More complex multi cylinder engines will use an electrical system energised by a battery bank that is kept charged by an alternator. This system induces a voltage across the coil, which in turn supplies the energy for spark plug firing.

 

A crank driven distributor shaft revolves in a cylindrical distributor body. The shaft drives a cam that opens the points momentary interrupting the current and collapsing the coil’s electromagnetic field. To prevent high voltage arcing at the point’s contacts, leading to rapid decay, a capacitor (an electrical storage and smoothing device) is placed across the points to absorb the energy burst. (Capacitors, previously called condensers, are built from two films of electrical conductors separated by a film of electrical insulator).

The perimeter of the distributor’s cap has contact points individually connecting to each spark plug by a high tension lead. (Don’t touch them during running or you will receive a high energy electrical shock!)  As the distributor shaft rotates, the rotor arm fitted to its head brushes past each contact point in turn to distribute the electrical energy to each spark plug in the correct order and time.  The size of the points’ gap opening can be adjusted to the manufacture’s recommendation. In order to fine tune the ignition timing, its position in relation to the cam can be adjusted by rotating the distributor body around the distributor shaft.

Further information on outboard engine petrol ignition is provided in Chapter 8.


1.5 Air supply

Turbo charging

A turbo charger (sometimes called a turbo blower) can be fitted to both two and four stroke engines to increase the volumetric efficiency and thus their power output. It uses the force of the expelled exhaust gasses passing through a turbine to drive a rotor blowing air into the air inlet.

 

Advantages - The advantage of a turbo charger is that fuel consumption is lower than that of a normally aspirated engine of the same power output. In addition, the turbo charger utilises the exhaust gases of the engine so no additional power from the engine is required to drive it.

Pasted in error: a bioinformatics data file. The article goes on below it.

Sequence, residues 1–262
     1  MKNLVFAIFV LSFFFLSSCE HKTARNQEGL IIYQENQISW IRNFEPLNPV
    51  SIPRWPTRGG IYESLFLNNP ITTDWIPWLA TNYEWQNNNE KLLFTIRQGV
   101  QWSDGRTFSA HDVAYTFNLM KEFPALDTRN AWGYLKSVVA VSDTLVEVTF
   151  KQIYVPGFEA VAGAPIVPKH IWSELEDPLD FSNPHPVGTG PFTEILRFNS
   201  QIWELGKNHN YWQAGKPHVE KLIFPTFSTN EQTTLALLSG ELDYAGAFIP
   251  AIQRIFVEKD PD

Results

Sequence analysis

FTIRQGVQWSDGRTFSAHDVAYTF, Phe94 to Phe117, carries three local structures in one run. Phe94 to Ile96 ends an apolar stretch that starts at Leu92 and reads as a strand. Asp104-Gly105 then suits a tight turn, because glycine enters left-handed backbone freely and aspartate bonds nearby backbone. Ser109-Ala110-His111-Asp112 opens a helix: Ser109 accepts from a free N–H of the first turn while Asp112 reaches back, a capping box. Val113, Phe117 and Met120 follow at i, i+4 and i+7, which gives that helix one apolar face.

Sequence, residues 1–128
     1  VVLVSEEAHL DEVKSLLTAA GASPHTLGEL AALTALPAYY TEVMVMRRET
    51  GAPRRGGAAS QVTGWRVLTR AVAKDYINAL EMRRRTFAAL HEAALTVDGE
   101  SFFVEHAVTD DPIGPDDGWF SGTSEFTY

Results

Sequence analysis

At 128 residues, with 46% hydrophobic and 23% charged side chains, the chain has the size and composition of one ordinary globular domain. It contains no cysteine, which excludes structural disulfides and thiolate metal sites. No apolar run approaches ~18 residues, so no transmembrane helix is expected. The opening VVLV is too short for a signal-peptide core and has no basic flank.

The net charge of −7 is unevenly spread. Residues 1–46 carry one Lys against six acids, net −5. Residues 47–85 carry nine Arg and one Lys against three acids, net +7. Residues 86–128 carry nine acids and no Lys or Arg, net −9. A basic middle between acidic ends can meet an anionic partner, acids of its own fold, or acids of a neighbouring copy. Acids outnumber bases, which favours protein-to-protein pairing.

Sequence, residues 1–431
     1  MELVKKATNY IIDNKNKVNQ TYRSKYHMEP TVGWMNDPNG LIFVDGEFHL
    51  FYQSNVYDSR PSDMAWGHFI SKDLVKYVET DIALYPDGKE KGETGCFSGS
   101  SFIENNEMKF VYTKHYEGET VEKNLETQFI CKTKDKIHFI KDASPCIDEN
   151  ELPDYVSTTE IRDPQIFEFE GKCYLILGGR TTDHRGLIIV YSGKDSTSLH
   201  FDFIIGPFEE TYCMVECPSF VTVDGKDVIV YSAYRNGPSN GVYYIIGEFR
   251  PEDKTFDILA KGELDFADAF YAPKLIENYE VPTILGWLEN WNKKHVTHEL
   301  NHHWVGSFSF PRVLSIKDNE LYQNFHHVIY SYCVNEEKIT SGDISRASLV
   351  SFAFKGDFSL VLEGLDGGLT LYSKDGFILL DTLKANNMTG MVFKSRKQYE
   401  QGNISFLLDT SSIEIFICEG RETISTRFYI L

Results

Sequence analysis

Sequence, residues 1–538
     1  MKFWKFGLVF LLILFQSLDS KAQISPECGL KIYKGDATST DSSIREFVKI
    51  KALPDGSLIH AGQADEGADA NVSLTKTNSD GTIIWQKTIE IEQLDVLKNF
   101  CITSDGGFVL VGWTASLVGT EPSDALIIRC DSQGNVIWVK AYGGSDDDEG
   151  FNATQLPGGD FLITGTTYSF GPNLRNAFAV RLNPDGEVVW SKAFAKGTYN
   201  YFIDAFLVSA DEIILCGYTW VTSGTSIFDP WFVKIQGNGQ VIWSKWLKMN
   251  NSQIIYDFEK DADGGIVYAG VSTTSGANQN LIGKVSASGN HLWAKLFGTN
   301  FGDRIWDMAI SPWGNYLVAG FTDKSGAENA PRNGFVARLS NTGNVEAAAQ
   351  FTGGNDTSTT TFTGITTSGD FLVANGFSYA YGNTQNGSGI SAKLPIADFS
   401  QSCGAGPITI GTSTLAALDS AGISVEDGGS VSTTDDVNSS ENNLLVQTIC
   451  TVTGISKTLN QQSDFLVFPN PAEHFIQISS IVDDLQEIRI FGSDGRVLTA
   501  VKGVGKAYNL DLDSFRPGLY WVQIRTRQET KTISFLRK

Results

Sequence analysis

The turbo charger inducts a larger mass of air into the cylinder to that of a same cubic capacity normally aspirated engine. This allows for a proportional increase in the amount of fuel that can be injected and burnt in the cylinder thereby providing an increase in the power output of the engine. 

 

 

 

Components of a turbocharger

A cut away of a turbocharger’s components are shown below:

 

Rotor assembly - It has a rotor shaft which has exhaust gas turbine blades on one end and air compressor blades on the other end.

 

Casings - The exhaust gas turbine blades are housed in a casing which is attached to the exhaust manifold and to the exhaust pipe. Some casings are fresh water cooled to minimise the heat radiated out into the engine space. This allows for a cooler engine space, cooler air entering the engine air intake and therefore more power again. A nozzle ring is fitted inside the casing to direct the flow of exhaust gases to the turbine blades.


The air compressor blades are also housed in a casing which has an air cleaner on the intake side and is connected to the intake manifold on the discharge side. Where an engine is after cooled, the discharge side is connected to the after cooler which is then connected to the intake manifold. Both the above casings are attached to a centre casing which contains the bearings, seals and method of lubrication.